Assuming you know your subject--because if you don't, you shouldn't be on in the first place--here are ways to make the audience and the host enjoy your appearance:. Many experts and writers try to be too serious and display all their knowledge all at once. They forget that they need to be entertaining as well. Interview shows are thoughtful and substantive, but if what you say doesn't entertain listeners on some level--make them laugh, make them cry, get them fired up or angry and excited or motivated--they're not going to stick around.
Spoken word content is consumed differently than articles, magazines, websites, etc. Radio consumption is active, but if it doesn't meet my needs right now I will punch to something else. Serve up your content in digestible, easy to understand morsels.
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Think three steps, or five habits, or four tips Chunking is also a great way to help the host establish a nice flow. Say you will describe three steps to starting a business.
Say, "First of all, put together a business plan By signaling that you will chunk your information it creates a nice framework for the audience and provides room for the host to create a natural give-and-take. Radio listeners generally go with what is familiar and comfortable. I'm a familiar voice.
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But if a guest talks non-stop for an extended period, the listener might move on to something more familiar. Respond to questions with statements like, "That's a great question If possible learn a little about the host and fit that knowledge into the conversation. Say, "I saw the story you posted on Facebook and it reminds me Occasionally reference the listeners.
Say something like, "Austin, as your listeners know one of the toughest start-up challenges is finding capital. Hill was still in his first year of doing Monday through Friday talk radio in Prepare yourself for curve balls thrown by the interviewing host. Don't expect him to read your FAQ sheet verbatim or go in order. Practice with someone much like you would for a vocabulary test. Try not to always say, "That's a good question.
During the course of the interview, you are considered the expert of your topic, so talk with confidence and use facts. Tentative answers and conjecture will flop the interview. It's OK to say, "I'm not sure about the answer to that" or "I don't know. Never answer a question from the host with a question. That also spells doom in the radio interviewing business. The host typically wants to do less work than you during the interview.
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If he has to start answering your questions, he won't be a happy host. And a happy host is a good host in the radio PR world. Even though you are prepared and you have your list of questions, a question could come your way that will totally throw you off guard. That's why practice is important. Being light on your feet will pay off in these situations.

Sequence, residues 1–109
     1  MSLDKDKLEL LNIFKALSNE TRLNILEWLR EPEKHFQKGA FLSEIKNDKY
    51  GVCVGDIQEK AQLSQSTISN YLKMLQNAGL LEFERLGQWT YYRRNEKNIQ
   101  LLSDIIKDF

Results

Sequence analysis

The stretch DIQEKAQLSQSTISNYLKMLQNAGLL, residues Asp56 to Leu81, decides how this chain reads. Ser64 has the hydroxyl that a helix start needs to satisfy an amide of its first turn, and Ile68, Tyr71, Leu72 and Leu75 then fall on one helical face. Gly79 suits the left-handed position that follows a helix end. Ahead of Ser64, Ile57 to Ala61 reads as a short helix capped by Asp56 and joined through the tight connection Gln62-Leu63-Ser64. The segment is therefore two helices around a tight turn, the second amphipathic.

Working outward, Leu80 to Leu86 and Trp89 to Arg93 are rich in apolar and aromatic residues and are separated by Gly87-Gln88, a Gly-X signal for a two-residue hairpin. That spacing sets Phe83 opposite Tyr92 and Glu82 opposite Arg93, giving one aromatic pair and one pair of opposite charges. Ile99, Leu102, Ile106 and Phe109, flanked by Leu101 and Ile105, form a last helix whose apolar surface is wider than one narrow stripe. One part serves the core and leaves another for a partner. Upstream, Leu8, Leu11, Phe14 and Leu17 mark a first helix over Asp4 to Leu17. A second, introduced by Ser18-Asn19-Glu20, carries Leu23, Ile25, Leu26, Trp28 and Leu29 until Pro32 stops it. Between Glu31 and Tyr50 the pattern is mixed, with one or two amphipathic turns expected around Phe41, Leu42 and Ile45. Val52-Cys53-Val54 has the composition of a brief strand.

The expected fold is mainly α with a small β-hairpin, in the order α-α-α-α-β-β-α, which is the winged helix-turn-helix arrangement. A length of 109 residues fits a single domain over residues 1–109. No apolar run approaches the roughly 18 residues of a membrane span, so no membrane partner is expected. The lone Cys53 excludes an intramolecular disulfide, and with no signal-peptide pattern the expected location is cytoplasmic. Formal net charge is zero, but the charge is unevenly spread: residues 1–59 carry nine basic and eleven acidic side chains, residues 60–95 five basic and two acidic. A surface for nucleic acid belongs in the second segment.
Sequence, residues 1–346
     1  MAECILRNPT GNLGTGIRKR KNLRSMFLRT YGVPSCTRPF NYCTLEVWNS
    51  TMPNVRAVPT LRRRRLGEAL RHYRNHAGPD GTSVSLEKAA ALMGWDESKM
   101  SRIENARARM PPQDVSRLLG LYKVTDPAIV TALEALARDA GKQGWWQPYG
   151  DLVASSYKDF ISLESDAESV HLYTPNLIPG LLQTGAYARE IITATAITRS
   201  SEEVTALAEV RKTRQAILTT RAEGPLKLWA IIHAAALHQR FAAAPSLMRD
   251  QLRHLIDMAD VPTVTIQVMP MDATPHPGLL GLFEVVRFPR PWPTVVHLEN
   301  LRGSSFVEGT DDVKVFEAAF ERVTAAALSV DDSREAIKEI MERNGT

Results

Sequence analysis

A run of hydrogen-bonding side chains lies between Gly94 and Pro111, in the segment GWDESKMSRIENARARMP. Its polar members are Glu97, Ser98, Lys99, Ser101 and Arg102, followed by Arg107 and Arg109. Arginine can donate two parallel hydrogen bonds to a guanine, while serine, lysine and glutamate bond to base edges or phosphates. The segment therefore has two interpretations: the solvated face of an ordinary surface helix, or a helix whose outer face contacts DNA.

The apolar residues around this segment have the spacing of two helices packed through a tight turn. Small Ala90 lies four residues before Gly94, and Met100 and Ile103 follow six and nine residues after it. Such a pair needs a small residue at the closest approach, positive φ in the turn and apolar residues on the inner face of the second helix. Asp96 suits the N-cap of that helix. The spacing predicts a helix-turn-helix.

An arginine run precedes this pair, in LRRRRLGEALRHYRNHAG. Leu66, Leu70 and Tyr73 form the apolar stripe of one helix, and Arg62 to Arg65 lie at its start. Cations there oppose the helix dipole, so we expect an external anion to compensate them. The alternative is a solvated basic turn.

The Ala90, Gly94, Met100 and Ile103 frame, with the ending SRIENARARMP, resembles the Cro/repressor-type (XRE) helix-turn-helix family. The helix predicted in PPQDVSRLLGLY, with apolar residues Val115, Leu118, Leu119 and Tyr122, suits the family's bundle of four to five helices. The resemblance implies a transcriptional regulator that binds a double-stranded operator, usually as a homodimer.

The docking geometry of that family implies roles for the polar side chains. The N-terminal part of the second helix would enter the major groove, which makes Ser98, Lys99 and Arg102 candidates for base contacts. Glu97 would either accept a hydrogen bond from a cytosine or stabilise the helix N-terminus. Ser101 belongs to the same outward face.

One more note: If you know of the interview ahead of time, don't forget to issue a press release announcing your slot on the station.
This will double the effect of your PR. Radio stations have a lot of time to fill.
Listen to how many subjects they cover during a particular time slot on the radio. Multiply this by all the radio stations in the country and the time slots during the day. There's a greater demand for radio appearances that generate radio PR than you think. Contacting the producer of each show via a press release is the start of your radio media relationships.
The good news is, if you're good in your interview, you will be asked back. You can also offer yourself as an emergency backup if a particular guest doesn't show or runs into a conflict. Radio PR is there for the asking.
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Working and focusing on the asking will publicize you and your business. Alfred J.
Lautenslager is an award-winning marketing and PR consultant, direct-mail promotion specialist, principle of marketing consulting firm Marketing Now, and president and owner of The Ink Well, a commercial printing and mailing company in Wheaton, Illinois. The opinions expressed in this column are those of the author, not of Entrepreneur. All answers are intended to be general in nature, without regard to specific geographical areas or circumstances, and should only be relied upon after consulting an appropriate expert, such as an attorney or accountant.
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How to Use Talk Radio to Market Your Business
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